I''d first of all like to introduce myself.
My name is Dave and I was a builder for most of my working life. I recently moved into a house with a big enough garden to be able to build my first dome.
I have been reading this site now for a few weeks and I must say it has been very informative. After all the reading I''ve done on domes, it seems to me that the biggest problem is not the struts or the cover, it''s the hubs. I searched the internet and they are impossible to find except in kits.
For a permanent dome (greenhouse)I plan to use a hardwood hub morticed and tenoned and glued and pinned as in the pictures.
For a dome that can be dismantled (garden shed)I plan to use dovetail joints and a covering/restraining plate to keep the joints in place without glue or pins.
As the maths and angles have all been gratefully made available on this site I just need to allow for the tenons and fashion the plates out of a maleable metal, zinc or copper should do.
I would be grateful for any input as this is my first dome.
Hope I''ve done this right:)
[ Comments 7 ]
Hi Dave, welcome to the site, I'm really glad you have found the information useful. OK your design looks feasible but I'm not sure how you intend covering your dome. Have you seen the : video on the plans page I use this method to build domes that can be covered with any material (plastic, glass, perspex etc) and there are no hubs. There are no tenons either so you could save yourself a lot of work. Take a look and let me know what you think.
I watched your video and must agree that it is a much simpler method of constructing frames. Would I be correct in saying that the long side of each strut has to be run up on the table saw so that when they come together the angles form the frame? The reason I thought of the hub/mortice and tenon method was for the strength these joints provide. I was thinking of using a uv covering for longer life on the greenhouse and cladding on the shed. I need these structures to be permanent (at least five to ten years)
i was also wondering about what angle the band saw is used to cut at and thought it would be good if this could be incorporated into the calculator.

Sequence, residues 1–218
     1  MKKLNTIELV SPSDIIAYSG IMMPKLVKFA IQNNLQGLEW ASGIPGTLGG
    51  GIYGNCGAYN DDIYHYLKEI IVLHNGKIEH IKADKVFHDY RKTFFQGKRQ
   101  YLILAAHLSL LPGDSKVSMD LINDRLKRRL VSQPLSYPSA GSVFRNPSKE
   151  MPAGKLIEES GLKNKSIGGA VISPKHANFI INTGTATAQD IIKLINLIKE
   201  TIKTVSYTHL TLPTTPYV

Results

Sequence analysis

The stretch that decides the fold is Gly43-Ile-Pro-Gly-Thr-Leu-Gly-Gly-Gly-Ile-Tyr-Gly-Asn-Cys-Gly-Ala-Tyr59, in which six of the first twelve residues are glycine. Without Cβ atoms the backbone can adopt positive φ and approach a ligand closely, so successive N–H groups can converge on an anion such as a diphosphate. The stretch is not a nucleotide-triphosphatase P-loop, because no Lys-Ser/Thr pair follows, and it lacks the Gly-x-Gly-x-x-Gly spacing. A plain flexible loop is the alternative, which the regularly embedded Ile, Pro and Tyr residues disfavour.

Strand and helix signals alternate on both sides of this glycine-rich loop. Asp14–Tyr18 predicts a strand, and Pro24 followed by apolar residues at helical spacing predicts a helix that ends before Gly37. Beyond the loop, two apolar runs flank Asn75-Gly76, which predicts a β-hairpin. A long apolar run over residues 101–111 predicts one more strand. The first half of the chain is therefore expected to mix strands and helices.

Mortise and tenon will be really strong under compression but not so good under tension, unless you have some sort of peg to hold the tenon in place. The other thing is the metal cap on the hubs, will you put the cover over them or under them?
In answer to your question, I was thinking of making the hubs longer on the underneath allowing the tenon to sit on a about 1" of solid wood preventing any downward movement and the cap above with a screw into each strut preventing any outward movement. I will be making the first frame in about a week and will load it with weights until it reaches its breaking point. Will upload pics when destruction is complete:) On a 2v 1.5 radius dome, what would you guess the breaking point to be with this type of hub and we'll see how close you get.
It depends on a very wide set of variables, Timber size, load centre of gravity, how it's fixed down, Quality of joints, glue type etc. If you are just making one section (say a pentagon section) you will have to firmly fix it to a sheet of ply or it will just split open. If you do a half sphere and fix it down firmly my guess would be that you'll run out of concrete blocks before it breaks.
My name is Michael and I have just finished cutting all the struts for a 9' radius 3v dome. I am going to try hollow hubs . Each face of the polygram will be an individual panel cut to the appropriate angle. Does anyone have the correct pattern or angles for the four way hubs. Icoyld calc it out but I thought somebody has already been through this so I thought I would ask. The fourways at the bottom are obviously two faces on a 180 degree plane but the two struts coming in from the top will be at the angle of the intersecting struts. My construction material of choice is 1 x 3 pine.